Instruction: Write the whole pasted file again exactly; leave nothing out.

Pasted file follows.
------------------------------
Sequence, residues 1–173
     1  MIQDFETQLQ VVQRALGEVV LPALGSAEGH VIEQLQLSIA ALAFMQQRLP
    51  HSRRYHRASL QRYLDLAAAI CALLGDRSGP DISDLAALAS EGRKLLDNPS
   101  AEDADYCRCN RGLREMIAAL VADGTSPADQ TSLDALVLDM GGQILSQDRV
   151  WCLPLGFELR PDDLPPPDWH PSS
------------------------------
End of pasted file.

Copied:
Sequence, residues 1–173
     1  MIQDFETQLQ VVQRALGEVV LPALGSAEGH VIEQLQLSIA ALAFMQQRLP
    51  HSRRYHRASL QRYLDLAAAI CALLGDRSGP DISDLAALAS EGRKLLDNPS
   101  AEDADYCRCN RGLREMIAAL VADGTSPADQ TSLDALVLDM GGQILSQDRV
   151  WCLPLGFELR PDDLPPPDWH PSS